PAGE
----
In my teens and beyond, I folded into myself and suffered physical pain that I internalized, such as headaches, stomach issues, etc. My daughter, on the other hand, emotionally retreated, using alcohol to numb her pain. I made assumptions that all this would pass based upon my own experience. It did not.

Instead, I chose not to dig deeper because of my own fears. What followed was 10 years of addiction on her part and my inability to do much about it.

Silver Lining

The silver lining to this regret is that I began retracing of my actions, reactions, inactions, leading to a great deal of soul searching. I began listening, learning about and empathizing with what my daughter was experiencing. The pain was excruciating at times, but necessary to get at what was real and true.

Now that she is on the other side, our relationship is one of mutual respect and admiration for what we have endured. We both realize we were doing the best we could with what we had to work with at the time. The journey was necessary in order to be in the amazing place we are now. I have quelled this regret.

Creative Desire Not Met

I regret not having more faith in my creative desires early on. Instead I felt bound to listen to and follow what was culturally expected on many levels. I allowed others to dictate what I should do with my life.

I remember a high school counselor telling me that I could go to the local community college for their two year graphic arts degree. He was towing the high school party line, so to speak. The recognizably gifted students were tracked to higher status universities or fine art institutions, the athletes were directed toward scholarships and college that fit their talents. I had no outstanding talents per se. I was in art, choir, not fully invested in either. Spent time in detention a couple times during my senior year for skipping home economics (a requirement). Had it been a carpentry class and not a class on how to make a dress, cook a meal and childcare, I probably would not have bailed.

I was seen as a quiet rebel with no real passions or talents and female to boot. Points stacked against me in the career path arena.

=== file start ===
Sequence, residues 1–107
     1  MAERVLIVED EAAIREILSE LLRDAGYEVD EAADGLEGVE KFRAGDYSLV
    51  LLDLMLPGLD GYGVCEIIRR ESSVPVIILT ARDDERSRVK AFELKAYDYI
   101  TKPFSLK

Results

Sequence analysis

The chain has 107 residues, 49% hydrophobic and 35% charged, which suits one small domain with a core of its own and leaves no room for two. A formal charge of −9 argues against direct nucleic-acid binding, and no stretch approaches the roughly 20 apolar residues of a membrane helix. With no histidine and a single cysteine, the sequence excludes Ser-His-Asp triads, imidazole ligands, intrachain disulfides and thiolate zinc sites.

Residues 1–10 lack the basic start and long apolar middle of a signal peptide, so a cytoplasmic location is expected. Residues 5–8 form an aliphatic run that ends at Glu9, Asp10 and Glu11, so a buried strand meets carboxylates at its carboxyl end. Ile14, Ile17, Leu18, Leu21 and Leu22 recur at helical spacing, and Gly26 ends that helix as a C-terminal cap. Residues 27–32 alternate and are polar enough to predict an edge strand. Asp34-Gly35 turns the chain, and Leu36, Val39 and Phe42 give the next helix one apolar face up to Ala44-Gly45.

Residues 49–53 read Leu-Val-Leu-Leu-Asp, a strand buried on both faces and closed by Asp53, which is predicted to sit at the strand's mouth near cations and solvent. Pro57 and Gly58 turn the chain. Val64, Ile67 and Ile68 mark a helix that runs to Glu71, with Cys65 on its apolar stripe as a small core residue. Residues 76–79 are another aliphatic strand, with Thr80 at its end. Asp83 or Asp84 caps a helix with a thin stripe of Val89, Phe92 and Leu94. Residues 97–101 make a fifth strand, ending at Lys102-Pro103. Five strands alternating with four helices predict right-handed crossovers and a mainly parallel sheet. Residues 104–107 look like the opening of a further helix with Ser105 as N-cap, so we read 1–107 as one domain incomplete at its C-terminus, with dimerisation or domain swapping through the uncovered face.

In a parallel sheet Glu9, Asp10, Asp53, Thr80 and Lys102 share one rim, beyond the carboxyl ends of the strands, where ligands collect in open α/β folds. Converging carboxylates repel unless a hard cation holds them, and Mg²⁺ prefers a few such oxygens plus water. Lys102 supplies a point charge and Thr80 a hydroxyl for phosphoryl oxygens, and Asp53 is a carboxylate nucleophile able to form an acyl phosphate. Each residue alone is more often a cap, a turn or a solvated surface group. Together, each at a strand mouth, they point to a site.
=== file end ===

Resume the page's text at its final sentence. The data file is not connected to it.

My high school interest survey showed teacher, counselor, art and other similar career paths. I despise surveys to this day because of their lack of creative and intuitive questions. Also there is too much emphasis on the results without further discussion with and research of the individual taking the survey.


But the upside to this particular regret and those with little faith in my future capabilities, I, eventually and quietly, forged my own path. Mistakes were made, but they were my decisions and based upon current conditions. Seizing opportunities when they became available, no matter if I was ready for them or not. That was the rebel in me.

As a retired college professor/administrator and current artist/writer, I have become one of the most adaptable people i know. No regrets there.

Regrets Are a Gift

Regrets are a sign of engaging in your life. Asking yourself difficult questions and a willingness to feel the pain. All vital to being engaged. Feeling the regret so we can process the regret. Because bottling it up leads to all kinds of physical and psychological issues.

Finally acknowledging my regrets and reconciling them has opened the door to a more authentic way of being. Regret can be seen as connecting to our self-concept, seeing the difference between our ideal self and our actual self. Coming to grips with this revelation is a game changer.

The Image: Shedding — Transformation

The snake as it sheds it skin symbolizes renewal, transformation, healing. In the monotype shown, I used an actual snake skin on the printmaking plate, using it over and over again creating layers and depth. A metaphor for life as we learn and grow, regret and let go, renew and heal.

Michelle Lindblom Studio

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Quiet Persistence